Ellen Tauscher introduces anti-foreclosure bill

Rep. Ellen Tauscher, D-Alamo, introduced a bill Wednesday that would let the California Housing Finance Agency issue an estimated $10 billion in new bonds to help refinance “underwater” mortgages and jump-start growth in neighborhoods devastated by home foreclosures.

The bill also would grant CalHFA the power to use Troubled Assets Relief Program (TARP) money to help families refinance their homes at a price they can afford in order to avoid foreclosure.

“Foreclosures are decimating neighborhoods from Fairfield to Antioch and Oakley,” Tauscher said in her news release. “This legislation will help families in the hardest hit areas get the additional resources they need to stay in their homes and keep these vibrant communities from disappearing.”

Tauscher’s co-authors on the bill are Zoe Lofgren, D-San Jose; Dennis Cardoza, D-Atwater; Shelley Berkley, D-Nev.; and Maurice Hinchey, D-N.Y.

Cardoza’s Central Valley district includes more than half of the city of Stockton, which has been rocked by one of the nation’s highest foreclosure rates. “As I have continued to say, the foreclosure crisis remains at the heart of our nation’s economic crisis. It is imperative that we pursue all means to address this problem and ensure that taxpayer funds are being used in the most responsible way,” he said.

UPDATE @ 8:36 A.M. THURSDAY: Click here for a copy of the bill.


Barbara Lee: We’re not getting enough HUD help

The U.S. Department of Housing and Urban Development (HUD) has released a formula that determines funding levels for communities decimated by the foreclosure crisis, with an estimated $10.3 million directed to Alameda County and $8.2 million of that reserved for Oakland.

And Rep. Barbara Lee, D-Oakland, isn’t happy.

“Though I am pleased we were able to secure this much needed funding for our communities being devastated by the foreclosure crisis, I remain concerned about the overall California allocation,” she said in a release issued this afternoon. “Several of my colleagues and I have written a letter to HUD Secretary Steve Preston calling for a review of the formula and asking that it be adjusted to recognize the devastating impact of the foreclosure crisis in the state of California.”

Under H.R. 3221, the Foreclosure Prevention Act signed into law July 30, HUD will disperse $3.92 billion in CDBG funding nationwide with $145 million in funding going to California; the money is to be used to buy and rehabilitate foreclosed properties that have been vacant for more than 90 days, as a means of restoring home values and reducing blight and crime in hard-hit neighborhoods.

Yet, Lee notes, California is slated to receive $12 million less of this CDBG funding than Florida.

Oakland Mayor Ron Dellums, Assemblymember Sandré Swanson and Alameda County Supervisor Keith Carson are on board with Lee’s call for a re-examination of the funding formula. (It’s not surprising to see all of them on the same page, as Lee, Swanson and Carson all worked for Dellums when he held the 9th Congressional District seat Lee now occupies.)

“With regards to the issue of foreclosures, anyone familiar with this crisis knows that the city of Oakland and the county of Alameda have been hit extremely hard,” Dellums said in Lee’s release. “Many of Oakland’s neighborhoods have been devastated by this crisis, and I join my colleagues in expressing our disappointment in what appears to be a fundamentally flawed and unfair formula.”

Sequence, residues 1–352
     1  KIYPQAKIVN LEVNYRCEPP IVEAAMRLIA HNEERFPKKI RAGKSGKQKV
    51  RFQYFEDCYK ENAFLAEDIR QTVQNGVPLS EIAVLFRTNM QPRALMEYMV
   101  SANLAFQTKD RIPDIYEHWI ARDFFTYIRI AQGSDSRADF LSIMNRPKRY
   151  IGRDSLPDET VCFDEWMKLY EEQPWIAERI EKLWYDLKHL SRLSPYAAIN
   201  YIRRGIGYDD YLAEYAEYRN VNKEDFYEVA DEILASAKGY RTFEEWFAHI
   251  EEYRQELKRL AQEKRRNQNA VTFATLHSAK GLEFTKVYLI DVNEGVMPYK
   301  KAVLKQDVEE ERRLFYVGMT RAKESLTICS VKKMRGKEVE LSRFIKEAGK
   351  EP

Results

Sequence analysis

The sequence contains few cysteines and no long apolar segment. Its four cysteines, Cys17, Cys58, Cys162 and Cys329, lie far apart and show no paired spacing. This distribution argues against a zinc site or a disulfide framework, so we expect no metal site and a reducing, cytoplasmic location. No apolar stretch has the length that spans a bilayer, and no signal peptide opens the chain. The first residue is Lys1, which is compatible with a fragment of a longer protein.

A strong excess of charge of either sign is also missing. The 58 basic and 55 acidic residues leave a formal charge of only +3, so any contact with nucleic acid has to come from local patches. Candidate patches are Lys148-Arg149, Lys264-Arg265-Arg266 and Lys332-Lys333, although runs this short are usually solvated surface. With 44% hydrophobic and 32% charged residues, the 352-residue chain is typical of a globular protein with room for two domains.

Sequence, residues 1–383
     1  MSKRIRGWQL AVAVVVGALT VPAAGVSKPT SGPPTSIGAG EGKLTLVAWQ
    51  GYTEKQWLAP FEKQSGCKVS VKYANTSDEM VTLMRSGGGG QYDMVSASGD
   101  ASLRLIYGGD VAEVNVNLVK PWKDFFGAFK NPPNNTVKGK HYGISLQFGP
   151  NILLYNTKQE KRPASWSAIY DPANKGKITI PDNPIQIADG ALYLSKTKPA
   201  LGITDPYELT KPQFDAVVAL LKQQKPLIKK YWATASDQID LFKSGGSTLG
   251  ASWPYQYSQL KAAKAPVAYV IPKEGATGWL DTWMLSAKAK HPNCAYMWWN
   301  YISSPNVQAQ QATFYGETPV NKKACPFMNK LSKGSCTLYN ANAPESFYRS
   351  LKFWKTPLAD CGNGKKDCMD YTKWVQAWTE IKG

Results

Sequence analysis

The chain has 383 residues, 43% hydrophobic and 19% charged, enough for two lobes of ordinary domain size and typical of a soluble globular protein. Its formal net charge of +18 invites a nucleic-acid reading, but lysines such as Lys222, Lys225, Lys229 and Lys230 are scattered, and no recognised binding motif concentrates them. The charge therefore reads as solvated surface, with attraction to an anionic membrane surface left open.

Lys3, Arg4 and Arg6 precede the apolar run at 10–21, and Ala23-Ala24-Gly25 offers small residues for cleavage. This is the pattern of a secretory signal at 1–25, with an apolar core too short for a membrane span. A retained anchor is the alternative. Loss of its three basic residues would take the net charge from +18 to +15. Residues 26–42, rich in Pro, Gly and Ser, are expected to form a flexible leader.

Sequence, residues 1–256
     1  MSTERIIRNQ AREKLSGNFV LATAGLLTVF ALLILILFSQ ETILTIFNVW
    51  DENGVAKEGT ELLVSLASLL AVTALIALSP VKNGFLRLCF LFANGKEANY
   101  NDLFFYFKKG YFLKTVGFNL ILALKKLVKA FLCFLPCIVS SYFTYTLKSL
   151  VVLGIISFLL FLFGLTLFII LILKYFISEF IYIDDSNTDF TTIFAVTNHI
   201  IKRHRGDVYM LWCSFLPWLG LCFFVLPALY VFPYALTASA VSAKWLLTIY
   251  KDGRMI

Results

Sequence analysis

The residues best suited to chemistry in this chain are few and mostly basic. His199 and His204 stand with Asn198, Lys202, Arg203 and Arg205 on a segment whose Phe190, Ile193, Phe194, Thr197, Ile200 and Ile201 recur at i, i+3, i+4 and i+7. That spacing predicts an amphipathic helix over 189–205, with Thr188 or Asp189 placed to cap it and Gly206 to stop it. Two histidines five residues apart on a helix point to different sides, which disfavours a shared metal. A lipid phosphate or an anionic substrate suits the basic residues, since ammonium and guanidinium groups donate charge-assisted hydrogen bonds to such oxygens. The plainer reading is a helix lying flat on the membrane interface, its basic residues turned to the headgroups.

Said Carson: “California has the second highest foreclosure rate in the country, second only to Nevada. The HUD allocation of $2 million does not adequately address the needs of working families in our communities who are struggling to hold onto their property.”

And Swanson agreed time is of the essence “in dealing with long-vacant foreclosed properties. Increasing blight attracts crime, bringing down property values, and straining local police services that are often stretched too thin already. Given the incredibly high rate of foreclosures in the State, it is imperative that HUD reexamines its funding formula to ensure that California receives the funds it needs to properly address this crisis.”


The Rick Davis/Freddie Mac lie, compounded

Remember, I’ve resolved here to call a lie a lie, not a “spin” or an “exaggeration.” And this case, readers, sounds to me like a lie told to cover up a lie.

Republican Presidential nominee John McCain, responding to concern that his campaign manager and longtime political aide/confidante Rick Davis was paid for advocacy work on behalf of the now-wrecked Freddie Mac and Fannie Mae government-sponsored mortgage giants, told the New York Times a few days ago that Davis had no such involvement since 2005 — yet the Times found Freddie Mac had made payments to Davis’ lobbying firm through last month.

The McCain campaign posted a statement to its Web site yesterday attacking the Times’ reporting:

As has been previously reported, Mr. Davis separated from his consulting firm, Davis Manafort, in 2006. As has been previously reported, Mr. Davis has seen no income from Davis Manafort since 2006. Zero. Mr. Davis has received no salary or compensation since 2006. Mr. Davis has received no profit or partner distributions from that firm on any basis — weekly, bi-weekly, monthly, bi-monthly, quarterly, semi-annual or annual — since 2006. Again, zero. Neither has Mr. Davis received any equity in the firm based on profits derived since his financial separation from Davis Manafort in 2006.

Further, and missing from the Times’ reporting, Mr. Davis has never — never — been a lobbyist for either Fannie Mae or Freddie Mac. Mr. Davis has not served as a registered lobbyist since 2005.

Yet Newsweek reports Davis “has remained the treasurer and a corporate director of his lobbying firm this year, despite repeated statements by campaign officials that he had ended his relationship with the firm in 2006, according to corporate records.” Here’s one of those records, the firm’s 2008 annual report to the Virgina State Corporation Commission, listing Davis as an officer and director.

All of which is talking around the main point: These out-of-control mortgage lenders were shelling out paychecks to Davis and/or Davis’ firm for years merely because Davis is McCain’s top adviser. The Times’ sources “said they did not recall Mr. Davis’s doing much substantive work for the company in return for the money, other than speak to a political action committee of high-ranking employees in October 2006 on the approaching midterm Congressional elections. They said Mr. Davis’s firm, Davis & Manafort, had been kept on the payroll because of Mr. Davis’s close ties to Mr. McCain, the Republican presidential nominee, who by 2006 was widely expected to run again for the White House.”